Furthermore some independet or dependent societies have tried to provide an overview for internationally valid know how – a catalogue with criteria was created by the german association Stiftung Warentest.

b) There are accepted associations, which work with clearly defined rules and definitions. The ICF should be pointed out as the gold standard. It does not mean, that there aren’t many many more associations, which claim to be the gold standard.

My way:

This is similar to the standards and the development in sports. New sports are created or evolve from older ones. Such sports are then accepted and are sometimes becoming popular. Then first associations arise. The highest honors is to become an olympic sport, though. To become an olympic sport, the market for this specific sport has to gain maturity over time, define generally accepted rules and have an association regulate it.

Compared to it, the highest honor in human developmental services would be university programs or at least to have accredited subjects on universities.

I have undergone a coaching postgraduate program as well as a 5 year masters degree in psychology additionaly to a 5 year business administration masters degree. Furthermore i have 11 years in experience in consulting business clients in the field of data driven business. In the near future, I will complete an ICF certified program, too.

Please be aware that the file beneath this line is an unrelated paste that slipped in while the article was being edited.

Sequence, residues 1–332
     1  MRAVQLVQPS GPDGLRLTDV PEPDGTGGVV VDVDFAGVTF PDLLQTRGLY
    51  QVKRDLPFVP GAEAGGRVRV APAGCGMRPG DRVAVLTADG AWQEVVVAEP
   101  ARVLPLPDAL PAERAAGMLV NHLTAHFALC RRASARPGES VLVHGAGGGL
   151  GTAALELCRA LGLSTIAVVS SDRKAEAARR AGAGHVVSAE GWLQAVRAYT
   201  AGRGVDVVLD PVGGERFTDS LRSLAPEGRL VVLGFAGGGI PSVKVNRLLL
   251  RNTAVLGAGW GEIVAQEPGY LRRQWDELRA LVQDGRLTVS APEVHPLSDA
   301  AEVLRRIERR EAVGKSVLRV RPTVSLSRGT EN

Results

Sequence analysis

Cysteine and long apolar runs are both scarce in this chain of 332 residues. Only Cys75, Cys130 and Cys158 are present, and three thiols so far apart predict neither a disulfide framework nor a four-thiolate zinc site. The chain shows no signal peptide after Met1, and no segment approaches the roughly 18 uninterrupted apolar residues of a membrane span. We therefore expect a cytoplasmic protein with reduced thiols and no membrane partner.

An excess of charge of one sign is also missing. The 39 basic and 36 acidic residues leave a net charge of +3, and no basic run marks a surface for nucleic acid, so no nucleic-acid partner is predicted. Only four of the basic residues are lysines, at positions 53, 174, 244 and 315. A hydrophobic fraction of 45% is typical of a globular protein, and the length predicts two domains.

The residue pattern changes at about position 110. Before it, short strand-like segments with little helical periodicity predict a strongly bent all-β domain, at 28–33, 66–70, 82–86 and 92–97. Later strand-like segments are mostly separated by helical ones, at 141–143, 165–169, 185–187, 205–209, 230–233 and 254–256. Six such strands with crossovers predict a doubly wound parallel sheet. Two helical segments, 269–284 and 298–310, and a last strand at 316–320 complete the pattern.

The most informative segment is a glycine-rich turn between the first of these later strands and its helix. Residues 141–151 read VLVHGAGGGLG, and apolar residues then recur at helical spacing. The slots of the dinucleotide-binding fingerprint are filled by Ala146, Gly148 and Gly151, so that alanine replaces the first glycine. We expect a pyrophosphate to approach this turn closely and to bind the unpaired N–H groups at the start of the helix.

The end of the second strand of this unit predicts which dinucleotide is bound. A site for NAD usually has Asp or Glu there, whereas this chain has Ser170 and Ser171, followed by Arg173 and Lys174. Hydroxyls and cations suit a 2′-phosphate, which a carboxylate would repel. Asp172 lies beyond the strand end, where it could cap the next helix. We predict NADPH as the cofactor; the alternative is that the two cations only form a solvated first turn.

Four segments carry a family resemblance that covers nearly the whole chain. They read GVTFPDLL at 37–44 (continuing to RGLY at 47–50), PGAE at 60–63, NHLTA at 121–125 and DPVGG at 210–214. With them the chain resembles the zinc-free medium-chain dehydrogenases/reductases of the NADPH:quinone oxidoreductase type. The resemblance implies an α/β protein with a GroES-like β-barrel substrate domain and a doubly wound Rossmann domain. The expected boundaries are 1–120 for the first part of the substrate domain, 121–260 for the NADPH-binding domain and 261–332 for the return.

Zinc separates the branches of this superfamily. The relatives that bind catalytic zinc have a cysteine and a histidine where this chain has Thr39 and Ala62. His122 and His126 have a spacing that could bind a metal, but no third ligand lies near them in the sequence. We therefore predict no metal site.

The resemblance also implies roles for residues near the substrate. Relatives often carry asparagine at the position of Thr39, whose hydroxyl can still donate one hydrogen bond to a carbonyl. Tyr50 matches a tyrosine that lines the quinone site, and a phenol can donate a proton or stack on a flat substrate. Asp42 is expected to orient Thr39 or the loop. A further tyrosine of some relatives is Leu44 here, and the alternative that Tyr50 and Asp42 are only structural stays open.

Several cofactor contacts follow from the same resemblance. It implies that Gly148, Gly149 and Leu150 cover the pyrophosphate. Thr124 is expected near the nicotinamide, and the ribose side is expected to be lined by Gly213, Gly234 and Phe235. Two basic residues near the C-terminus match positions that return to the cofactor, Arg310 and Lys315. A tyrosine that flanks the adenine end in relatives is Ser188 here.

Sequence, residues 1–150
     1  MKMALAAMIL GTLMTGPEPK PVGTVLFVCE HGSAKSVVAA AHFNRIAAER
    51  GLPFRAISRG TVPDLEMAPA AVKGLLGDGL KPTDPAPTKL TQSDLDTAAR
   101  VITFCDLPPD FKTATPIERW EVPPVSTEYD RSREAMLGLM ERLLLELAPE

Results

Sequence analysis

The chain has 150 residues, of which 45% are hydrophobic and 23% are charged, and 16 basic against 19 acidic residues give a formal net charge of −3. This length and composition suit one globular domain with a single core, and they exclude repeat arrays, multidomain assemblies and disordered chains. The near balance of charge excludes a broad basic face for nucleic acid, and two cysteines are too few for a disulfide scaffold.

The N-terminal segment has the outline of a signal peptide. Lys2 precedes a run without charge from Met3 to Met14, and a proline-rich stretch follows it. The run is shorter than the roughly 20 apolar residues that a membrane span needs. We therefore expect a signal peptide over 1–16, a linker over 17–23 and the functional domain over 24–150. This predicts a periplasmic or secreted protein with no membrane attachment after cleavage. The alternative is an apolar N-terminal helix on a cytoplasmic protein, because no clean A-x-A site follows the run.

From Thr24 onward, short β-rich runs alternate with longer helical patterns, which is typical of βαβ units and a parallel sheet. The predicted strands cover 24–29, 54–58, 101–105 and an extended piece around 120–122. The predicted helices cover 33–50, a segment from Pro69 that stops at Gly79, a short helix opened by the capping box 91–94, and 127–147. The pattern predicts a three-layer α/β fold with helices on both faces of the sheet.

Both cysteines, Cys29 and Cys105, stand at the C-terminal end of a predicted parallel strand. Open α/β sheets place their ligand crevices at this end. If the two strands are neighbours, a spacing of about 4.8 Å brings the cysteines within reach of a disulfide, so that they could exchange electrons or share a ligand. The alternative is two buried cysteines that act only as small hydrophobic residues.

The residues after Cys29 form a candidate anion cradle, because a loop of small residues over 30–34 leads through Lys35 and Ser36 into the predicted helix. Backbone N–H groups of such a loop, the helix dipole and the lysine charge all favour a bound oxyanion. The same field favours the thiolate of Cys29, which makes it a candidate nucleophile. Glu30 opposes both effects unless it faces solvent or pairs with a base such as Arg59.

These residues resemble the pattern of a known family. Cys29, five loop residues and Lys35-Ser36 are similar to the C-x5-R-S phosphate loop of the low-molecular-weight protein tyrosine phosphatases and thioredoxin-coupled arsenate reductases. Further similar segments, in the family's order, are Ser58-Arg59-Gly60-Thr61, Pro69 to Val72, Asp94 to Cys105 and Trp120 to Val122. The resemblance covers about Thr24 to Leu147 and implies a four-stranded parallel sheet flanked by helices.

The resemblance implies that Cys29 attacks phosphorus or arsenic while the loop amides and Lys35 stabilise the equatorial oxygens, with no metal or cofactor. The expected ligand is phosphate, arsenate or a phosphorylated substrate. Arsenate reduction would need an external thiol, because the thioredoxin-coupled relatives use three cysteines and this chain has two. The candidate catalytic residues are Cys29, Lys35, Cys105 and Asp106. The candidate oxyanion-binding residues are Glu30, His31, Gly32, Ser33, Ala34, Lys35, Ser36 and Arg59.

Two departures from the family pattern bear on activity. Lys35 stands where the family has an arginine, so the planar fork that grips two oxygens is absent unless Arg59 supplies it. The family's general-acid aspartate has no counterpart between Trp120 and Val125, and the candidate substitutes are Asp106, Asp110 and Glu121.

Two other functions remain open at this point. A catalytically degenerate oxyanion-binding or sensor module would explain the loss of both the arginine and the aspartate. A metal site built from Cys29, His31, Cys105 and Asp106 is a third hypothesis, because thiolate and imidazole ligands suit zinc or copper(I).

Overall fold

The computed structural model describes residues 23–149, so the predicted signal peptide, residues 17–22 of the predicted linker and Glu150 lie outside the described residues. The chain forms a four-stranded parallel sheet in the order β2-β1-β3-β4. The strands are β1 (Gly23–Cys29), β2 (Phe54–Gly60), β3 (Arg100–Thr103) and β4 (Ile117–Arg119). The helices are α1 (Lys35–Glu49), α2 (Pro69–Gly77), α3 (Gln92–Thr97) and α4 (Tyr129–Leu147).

3.3. How to get a coach myself (from a client perspective)

3.3.1. The selection process: Unclear how to decide on a proper coach?

What the critique is exactly:

“Today, anyone can be a coach, all you have to do is: You have to order a sign with the word “Coach” and you can accept customers. Preliminary research conducted […] shows, that individual clients do not ask coaches for qualifications, completed courses or completed post-graduate studies.” (Link)

How it really is [FALSE]:

a) Many HR managers now have a good overview of the coaching market and mostly work with a fixed pool of trainers. On the other hand there is a big pool of choices being made based on recommendation. This would be one source of truth. Ask either your own experience, experienced individuals or coaches, who are already active and whom you trust.

b) The qualification is one great indicator. Always a plus is some kind of psychological education in addition to the specific, in best case certified, coaching eduation.